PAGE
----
Moyers wasn’t too bad at coming up with small miracles either, Desiderio said of the originator of the conversational Joseph Campbell series, “The Power of Myth” and many similar Moyers’ projects.

This year’s presenters were Steven Zaillian, a Humanitas feature film trustee, and Suzanne de Passe, a Humanitas television trustee. They explained that the trustees for the various categories “for thousands of hours” studied more than 350 scripts and screenings.

This year was the 28th Humanitas ceremony. The presenters’ introductions to the winners provide sharp insights into what the multiple panels of judges search for as they watch children’s live action and animated movies, Sundance Festival feature films, 30- and 60- and 90-minute made-for-television series segments and television specials, 90-minute PBS and cable presentations and documentaries, and major feature films that this year included as finalists, “A Beautiful Mind,” “I Am Sam” and “Iris.”

Here’s Zaillian describing why “Iris” screenplay writers Richard Eyre and Charles Wood, working from John Bayley’s memoir of his wife, were selected for the $25,000 feature film prize: “For showing us the faithful love of a married couple through the better and especially the worst. For the celebration of a classical education that values the interplay of freedom, truth, goodness, beauty and the relation to happiness. For an intimate look at two people deeply in love surrendering their bodies to the ravages of age but never their dignity.”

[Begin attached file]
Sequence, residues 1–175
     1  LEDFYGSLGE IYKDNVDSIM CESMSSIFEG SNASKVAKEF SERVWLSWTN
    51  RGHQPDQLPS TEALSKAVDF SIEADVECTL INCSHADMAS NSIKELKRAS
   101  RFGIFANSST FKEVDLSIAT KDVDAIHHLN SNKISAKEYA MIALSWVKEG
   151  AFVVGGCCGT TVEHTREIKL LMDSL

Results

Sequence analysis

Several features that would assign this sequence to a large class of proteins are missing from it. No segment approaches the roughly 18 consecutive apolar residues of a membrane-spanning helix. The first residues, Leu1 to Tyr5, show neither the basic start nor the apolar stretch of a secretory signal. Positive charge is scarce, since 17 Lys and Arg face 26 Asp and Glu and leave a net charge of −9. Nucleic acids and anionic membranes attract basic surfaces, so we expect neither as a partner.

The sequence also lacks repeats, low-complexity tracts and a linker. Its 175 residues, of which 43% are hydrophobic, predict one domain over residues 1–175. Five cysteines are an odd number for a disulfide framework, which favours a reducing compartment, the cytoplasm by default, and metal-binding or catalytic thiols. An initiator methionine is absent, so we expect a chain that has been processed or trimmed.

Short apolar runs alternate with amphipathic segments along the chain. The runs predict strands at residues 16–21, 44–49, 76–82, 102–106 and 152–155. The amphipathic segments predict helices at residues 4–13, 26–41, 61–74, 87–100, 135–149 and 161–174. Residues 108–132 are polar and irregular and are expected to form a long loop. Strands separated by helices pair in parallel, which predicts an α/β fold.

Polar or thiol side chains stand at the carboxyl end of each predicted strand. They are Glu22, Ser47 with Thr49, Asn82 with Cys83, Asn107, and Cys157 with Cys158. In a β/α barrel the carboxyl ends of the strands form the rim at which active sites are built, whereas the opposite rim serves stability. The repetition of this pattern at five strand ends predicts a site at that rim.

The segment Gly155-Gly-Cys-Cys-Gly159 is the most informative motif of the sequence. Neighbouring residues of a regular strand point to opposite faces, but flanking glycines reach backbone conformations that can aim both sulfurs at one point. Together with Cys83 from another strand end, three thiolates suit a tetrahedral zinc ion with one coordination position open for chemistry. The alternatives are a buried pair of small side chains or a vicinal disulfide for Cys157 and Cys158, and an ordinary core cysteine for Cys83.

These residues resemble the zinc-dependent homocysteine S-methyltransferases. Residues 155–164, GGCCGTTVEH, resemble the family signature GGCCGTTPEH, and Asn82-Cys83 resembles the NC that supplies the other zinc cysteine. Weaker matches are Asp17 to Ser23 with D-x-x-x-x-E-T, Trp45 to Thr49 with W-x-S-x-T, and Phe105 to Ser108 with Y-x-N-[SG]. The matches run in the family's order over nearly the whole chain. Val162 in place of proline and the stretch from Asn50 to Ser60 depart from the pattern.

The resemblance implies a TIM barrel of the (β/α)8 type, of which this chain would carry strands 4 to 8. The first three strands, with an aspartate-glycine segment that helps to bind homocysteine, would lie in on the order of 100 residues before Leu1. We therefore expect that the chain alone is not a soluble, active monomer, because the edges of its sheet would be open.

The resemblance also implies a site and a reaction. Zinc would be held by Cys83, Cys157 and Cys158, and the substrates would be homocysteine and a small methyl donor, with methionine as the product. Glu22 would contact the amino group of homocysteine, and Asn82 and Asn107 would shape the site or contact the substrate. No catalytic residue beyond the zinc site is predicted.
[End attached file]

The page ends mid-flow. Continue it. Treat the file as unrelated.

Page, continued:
The recipients are asked to briefly respond but not give a big, long “thank you everyone” speech. Some forget. Here’s Suzanne de Passe announcing the Sundance award category winner -- and Josefina Lopez’s genuine brushing-away-tears response -- in a behind-the-scenes look at how some movies come about:

“For its portrayal of opposition to oppression, both personal and cultural, for assertion of freedom to seek the fullness of human development and for its affirmation of the dignity of the individual regardless of class, race or signs, the 2002 Humanitas Award and a check for $10,000,” said de Passe, “goes to George LaVoo and Josefina Lopez for ‘Real Women Have Curves.’ ”

Lopez said, “I didn’t prepare a speech because we had already won at Sundance. I got married and I’m having a baby, so I said, ‘Thank you, Lord. I have enough.’ So this comes as a real surprise.

“First of all, I know you’re not to thank people,” she said, “but George LaVoo saw the play, ‘Real Women Have Curves,’ about three years ago and fell in love with it. I was really amazed that, you know, a New York gay man would be so in love with a story about five, full-figured women working in a tiny garment factory in East L.A.”

Lopez continued, “George just said that he believed in my voice. No one wanted to make this play into a movie because it is about large women, you know. It’s about Mexican women. It’s about women whom no one really pays attention to, but you need them because they take care of your kids or make your clothes.